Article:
In a recent study published in Environmental Research, researchers examined the effects of prenatal exposure to chemicals on early child language ability.
Language development is complex and influenced by genetics, prenatal factors, and socialization. The prenatal period is critical for brain development since chemicals can cross the placenta and affect fetal development. Although much research has been centered on the effect of chemicals on child neurodevelopment, there is little work specifically focused on their early language ability.
About the study
In the present study, researchers evaluated how prenatal exposure to chemicals impacts children's language ability. Participants were recruited in the Norwegian Mother, Father, and Child cohort study (MoBa). They were recruited during their first ultrasonography appointment at 17 weeks' gestation throughout the country from 1999 to 2008.
The study population for the present analysis was drawn from nested MoBa sub-studies, which focused on attention-deficit/hyperactivity disorder (ADHD). The authors leveraged 1) a preschool ADHD sample in which parents indicated ADHD-like symptoms of their children, which was later assessed onsite, 2) ADHD cases from the National Patient Registry (NPR), and 3) a random sample from MoBa regardless of ADHD-like symptoms.
Urine samples were obtained from mothers at around 17 weeks of gestation. Maternal urine levels of metabolites of 12 phthalates, six organophosphorus pesticides (OPs), and four organophosphate esters (OPEs) metabolites were measured. Parents specified the communication abilities of their children using the shortened version of the Ages and Stages questionnaire communication subscale on the 18-month MoBa questionnaire.
During the onsite ADHD assessment, parents/teachers reported on expressive language ability using the child development inventory (CDI) and the expressive language subscale. Principal component analyses (PCA) were performed for each chemical family (phthalates, OPEs, and OPs).
Structured equation modeling was applied to examine the effects of phthalates, OPEs, and OPs on child communication at 18 months and expressive language at preschool age. In addition, sensitivity analyses were performed to study associations between prenatal chemical exposure and child communication at 18 months.
Mothers in the preschool ADHD sample were aged 30 years on average, and most subjects completed college or higher education. The children were approximately three years old and born during 2004-07. Mothers in the preschool ADHD sample were more likely to be nulliparous. PCA revealed two underlying factors for phthalates and one each for OPs and OPEs.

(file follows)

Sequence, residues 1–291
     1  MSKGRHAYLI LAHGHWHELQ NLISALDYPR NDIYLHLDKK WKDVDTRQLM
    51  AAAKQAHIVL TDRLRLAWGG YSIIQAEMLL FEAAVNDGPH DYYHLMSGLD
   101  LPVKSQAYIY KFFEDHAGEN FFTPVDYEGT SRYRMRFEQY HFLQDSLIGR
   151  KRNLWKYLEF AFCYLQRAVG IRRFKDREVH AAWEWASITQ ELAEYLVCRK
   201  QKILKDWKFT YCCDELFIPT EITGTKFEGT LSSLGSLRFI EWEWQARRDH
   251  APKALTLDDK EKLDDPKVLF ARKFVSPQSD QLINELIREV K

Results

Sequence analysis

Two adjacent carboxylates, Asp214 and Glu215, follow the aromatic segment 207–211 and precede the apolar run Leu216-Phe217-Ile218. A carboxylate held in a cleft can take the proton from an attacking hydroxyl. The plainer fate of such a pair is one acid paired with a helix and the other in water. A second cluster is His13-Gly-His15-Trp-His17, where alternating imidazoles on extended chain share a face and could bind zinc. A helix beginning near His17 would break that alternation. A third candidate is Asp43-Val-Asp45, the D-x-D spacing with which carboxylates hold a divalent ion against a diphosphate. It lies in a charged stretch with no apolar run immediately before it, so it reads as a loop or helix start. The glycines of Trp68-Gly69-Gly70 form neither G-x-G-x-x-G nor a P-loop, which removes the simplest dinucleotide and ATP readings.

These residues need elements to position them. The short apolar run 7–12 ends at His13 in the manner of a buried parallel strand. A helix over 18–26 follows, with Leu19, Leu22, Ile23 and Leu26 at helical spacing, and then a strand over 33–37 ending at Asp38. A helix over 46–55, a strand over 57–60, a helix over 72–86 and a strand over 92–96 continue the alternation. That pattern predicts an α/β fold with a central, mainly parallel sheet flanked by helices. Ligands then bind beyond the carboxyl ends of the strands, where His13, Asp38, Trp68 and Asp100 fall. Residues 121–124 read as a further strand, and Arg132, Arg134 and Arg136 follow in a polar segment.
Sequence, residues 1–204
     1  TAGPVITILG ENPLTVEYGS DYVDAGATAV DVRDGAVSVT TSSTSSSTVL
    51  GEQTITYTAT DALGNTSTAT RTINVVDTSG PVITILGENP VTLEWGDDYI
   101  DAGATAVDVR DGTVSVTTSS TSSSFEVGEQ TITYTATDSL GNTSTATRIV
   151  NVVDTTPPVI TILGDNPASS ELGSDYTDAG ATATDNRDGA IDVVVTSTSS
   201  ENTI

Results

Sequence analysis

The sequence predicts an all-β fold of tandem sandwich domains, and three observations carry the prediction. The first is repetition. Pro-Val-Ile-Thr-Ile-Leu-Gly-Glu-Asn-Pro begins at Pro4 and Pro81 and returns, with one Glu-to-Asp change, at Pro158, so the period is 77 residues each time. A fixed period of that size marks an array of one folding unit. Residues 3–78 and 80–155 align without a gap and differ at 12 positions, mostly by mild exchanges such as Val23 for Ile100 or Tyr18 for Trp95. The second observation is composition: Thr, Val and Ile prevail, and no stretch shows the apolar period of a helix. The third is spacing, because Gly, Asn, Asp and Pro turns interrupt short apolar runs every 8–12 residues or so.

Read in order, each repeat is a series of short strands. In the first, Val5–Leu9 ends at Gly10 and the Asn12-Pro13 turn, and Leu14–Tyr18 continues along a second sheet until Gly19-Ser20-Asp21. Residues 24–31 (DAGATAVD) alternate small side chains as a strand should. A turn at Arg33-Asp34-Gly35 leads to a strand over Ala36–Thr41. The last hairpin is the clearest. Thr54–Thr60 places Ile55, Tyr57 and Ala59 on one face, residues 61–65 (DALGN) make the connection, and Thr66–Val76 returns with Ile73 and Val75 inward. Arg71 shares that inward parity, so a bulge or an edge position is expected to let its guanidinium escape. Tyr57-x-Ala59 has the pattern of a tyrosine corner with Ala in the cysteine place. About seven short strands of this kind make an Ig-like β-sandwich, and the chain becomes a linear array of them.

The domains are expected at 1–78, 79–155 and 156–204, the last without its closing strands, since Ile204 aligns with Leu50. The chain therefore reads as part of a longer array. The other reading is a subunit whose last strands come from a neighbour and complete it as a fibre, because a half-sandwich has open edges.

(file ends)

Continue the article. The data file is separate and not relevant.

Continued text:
The first phthalate factor had high loadings of mono-iso-butyl-phthalate (MiBP), mono-n-butyl phthalate (MnBP), and monobenzyl phthalate (MBzP), referred to as low molecular-weight phthalates (LMWPs). The second phthalate factor had high loadings of di-iso-nonyl phthalate (DiNP) and di(2-ethylhexyl) phthalate (DEHP), referred to as high molecular-weight phthalates (HMWPs).
The OP factor showed high loadings of diethyl phosphate (DEP) and dimethyl phosphate (DMP), while the OPE factor showed high loadings of di-n-butyl phosphate (DNBP) and diphenyl phosphate (DPHP). Metabolites within chemical families had greater correlations than between families. Prenatal exposure to OPs was associated with lower communication at 18 months.
18-month communication was positively associated with expressive language at preschool age. The authors observed a negative effect of OPs on parent-reported communication at 18 months. Prenatal exposure to higher LMWP levels was associated with lower expressive language at preschool age. Findings from sensitivity analyses were similar to those in the primary analysis.
In summary, the researchers assessed associations between prenatal exposure to three chemical families (phthalates, OPEs, and OPs) and early childhood language development. They found a negative association between prenatal OP exposure and preschool-age expressive language through communication deficits at 18 months.
Moreover, negative associations between LMWPs and preschool-age expressive language were also evident, independent of the effects on communication at 18 months. Prenatal OPE exposure was not associated with language ability at any age. Although participants were from the well-characterized MoBa cohort, the sample was disproportionately represented by older married females with fewer high-risk behaviors.
Notably, children with ADHD-like symptoms were oversampled, limiting the generalizability. Taken together, the findings revealed that prenatal OP or phthalate exposures were associated with language development deficits at 18 months and preschool age. Future research should differentiate between language production and comprehension and focus on broad language development constructs.